Monday, 15 September 2014

Bees and the Vegie Patch

Image - Mick Shaw Photography

Without bees in our gardens many of our vegetables and fruit would never get to the harvest stage. You may have known of folk who have had to manually pollinate members of the pumpkin family because there haven't been any bees available to do the job. These all have separate male and female flowers and, unless the pollen gets carried from the male to the female, there is no chance that the cucumber, pumpkin or zucchini will ever develop. 

A sure fire way of getting this pollination happening is to introduce flowers to your vegie patch to attract the bees. The bees are not really interested in helping the flowers - they are selfish in that they are just wanting the nectar that the flowers produce, therefore pollination is really just incidental.

Apart from attracting bees into our vegie patches the flowers add a visual enhancement as well. Some really good bee-attracting flowers that can be incorporated are coloured yellow, purple, blue or white. Red doesn't do it for bees, this is the colour for attracting birds.

Nasturtiums are really terrific as they attract the bees and both the leaves and flowers can be included in salads. A fast-growing annual, with pale green, umbrella-shaped leaves and long stems. The flowers are produced in summer and autumn and come in all sorts of shades of orange, red and yellow. There are trailing and busy types with single, semi-double or double flowers so there should be one to suit your vegie patch.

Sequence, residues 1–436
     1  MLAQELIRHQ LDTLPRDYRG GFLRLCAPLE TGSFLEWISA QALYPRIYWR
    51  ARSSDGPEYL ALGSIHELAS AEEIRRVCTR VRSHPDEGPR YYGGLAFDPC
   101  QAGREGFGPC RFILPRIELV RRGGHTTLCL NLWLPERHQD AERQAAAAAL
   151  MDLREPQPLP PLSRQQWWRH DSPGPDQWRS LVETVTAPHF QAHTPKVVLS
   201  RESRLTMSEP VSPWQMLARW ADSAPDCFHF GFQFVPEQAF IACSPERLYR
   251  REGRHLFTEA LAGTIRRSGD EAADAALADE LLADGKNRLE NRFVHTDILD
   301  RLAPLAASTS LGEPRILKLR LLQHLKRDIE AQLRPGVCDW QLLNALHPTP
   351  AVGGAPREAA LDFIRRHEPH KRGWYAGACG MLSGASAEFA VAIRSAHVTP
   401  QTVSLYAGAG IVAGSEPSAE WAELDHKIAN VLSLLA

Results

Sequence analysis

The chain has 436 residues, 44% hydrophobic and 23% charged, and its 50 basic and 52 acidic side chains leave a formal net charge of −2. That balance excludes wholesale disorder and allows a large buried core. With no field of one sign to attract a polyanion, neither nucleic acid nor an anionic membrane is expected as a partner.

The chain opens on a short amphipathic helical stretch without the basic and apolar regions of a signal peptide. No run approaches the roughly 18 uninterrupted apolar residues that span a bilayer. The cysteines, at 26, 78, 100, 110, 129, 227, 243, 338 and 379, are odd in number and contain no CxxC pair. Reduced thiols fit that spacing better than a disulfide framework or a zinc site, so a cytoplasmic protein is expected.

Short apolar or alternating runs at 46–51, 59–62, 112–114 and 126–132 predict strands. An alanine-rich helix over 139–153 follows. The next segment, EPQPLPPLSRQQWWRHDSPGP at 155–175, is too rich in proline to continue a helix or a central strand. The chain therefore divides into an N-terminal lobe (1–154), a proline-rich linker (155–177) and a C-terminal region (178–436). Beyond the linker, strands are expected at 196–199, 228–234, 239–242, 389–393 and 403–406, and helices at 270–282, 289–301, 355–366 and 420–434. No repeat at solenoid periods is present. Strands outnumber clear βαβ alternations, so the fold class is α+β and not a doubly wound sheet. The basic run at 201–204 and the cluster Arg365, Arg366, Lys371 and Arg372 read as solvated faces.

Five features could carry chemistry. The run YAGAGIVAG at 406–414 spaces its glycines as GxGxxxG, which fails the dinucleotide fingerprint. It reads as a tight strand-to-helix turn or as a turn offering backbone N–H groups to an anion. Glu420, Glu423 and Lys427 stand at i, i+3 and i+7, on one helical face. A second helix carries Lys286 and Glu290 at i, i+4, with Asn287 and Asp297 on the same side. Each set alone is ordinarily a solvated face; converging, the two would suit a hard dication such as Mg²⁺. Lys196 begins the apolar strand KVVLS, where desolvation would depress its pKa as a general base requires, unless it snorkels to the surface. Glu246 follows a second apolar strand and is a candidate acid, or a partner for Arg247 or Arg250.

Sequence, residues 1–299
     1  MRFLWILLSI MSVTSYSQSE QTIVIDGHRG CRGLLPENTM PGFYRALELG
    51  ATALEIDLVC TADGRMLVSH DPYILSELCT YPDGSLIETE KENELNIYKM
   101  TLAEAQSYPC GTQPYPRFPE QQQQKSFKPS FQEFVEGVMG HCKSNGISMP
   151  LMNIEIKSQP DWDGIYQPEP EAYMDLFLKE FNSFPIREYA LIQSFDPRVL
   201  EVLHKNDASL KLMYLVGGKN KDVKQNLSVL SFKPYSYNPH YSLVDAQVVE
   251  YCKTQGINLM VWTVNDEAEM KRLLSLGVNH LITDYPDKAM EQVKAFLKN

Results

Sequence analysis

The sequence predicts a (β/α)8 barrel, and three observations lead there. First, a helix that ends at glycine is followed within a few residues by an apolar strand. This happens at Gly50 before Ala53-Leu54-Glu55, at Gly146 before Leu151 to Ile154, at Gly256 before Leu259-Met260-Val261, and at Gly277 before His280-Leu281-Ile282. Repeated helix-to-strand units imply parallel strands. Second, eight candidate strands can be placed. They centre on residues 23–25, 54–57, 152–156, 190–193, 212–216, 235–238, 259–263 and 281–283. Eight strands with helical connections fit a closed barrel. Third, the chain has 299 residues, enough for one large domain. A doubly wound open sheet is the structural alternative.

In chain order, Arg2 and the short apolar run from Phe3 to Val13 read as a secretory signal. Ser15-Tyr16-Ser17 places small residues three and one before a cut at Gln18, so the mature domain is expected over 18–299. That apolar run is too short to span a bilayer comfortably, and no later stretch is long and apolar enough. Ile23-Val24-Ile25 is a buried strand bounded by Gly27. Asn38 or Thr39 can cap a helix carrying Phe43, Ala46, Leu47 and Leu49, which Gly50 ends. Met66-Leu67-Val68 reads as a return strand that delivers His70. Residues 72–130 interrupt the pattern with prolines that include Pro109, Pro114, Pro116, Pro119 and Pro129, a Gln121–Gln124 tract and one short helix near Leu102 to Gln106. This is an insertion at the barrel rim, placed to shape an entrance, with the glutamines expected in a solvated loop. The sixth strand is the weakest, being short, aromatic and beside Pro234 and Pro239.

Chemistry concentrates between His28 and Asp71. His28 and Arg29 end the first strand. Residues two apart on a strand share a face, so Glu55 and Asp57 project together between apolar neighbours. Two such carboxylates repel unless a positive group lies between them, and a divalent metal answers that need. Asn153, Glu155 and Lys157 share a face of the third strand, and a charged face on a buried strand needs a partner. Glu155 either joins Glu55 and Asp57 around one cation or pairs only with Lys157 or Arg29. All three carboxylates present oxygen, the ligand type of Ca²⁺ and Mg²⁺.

Alyssum is a gorgeous frothy inclusion with its profusion of fragrant white flowers. Its hardiness and versatility makes it just right for vegie gardens as it can spill over the sides of raised beds. Alyssum will thrive in either sun or semi-shade and germination is faster and more uniform if seed is only barely covered, so broadcast thinly into the garden position, firm down and moisten.

If you have a little corner where you can plant a salvia, especially any blue flowering ones these are real bee magnets.There are many different types of blue salvias, you might prefer to plant one that doesn't take up too much room in your vegie garden.


Sometimes it might be a good idea to allow some of your salad vegies/herbs run to flower. Basil will flower quickly here on the Coffs Coast in summer and there are many different coloured flowers - white, pink and mauve.

Rocket is a real ripper of a salad leaf and also its flower is fantastic for attracting bees.

If you wish to attract native bees good plants to encourage them to stay in your garden could be (not necessarily your vegie patch as they are generally too big are):

Abelia grandiflora, Angophora, Baeckea, Buddleja davidii, Callistemon, Eucalyptus, Grevillea hybrids, Hardenbergia violacea, Lavandula, Leptospermum, Melaleuca and Westringia.

Native bees do the job of pollinating just as well as the honey bee, so it might be worthwhile to encourage them to stay in your garden.

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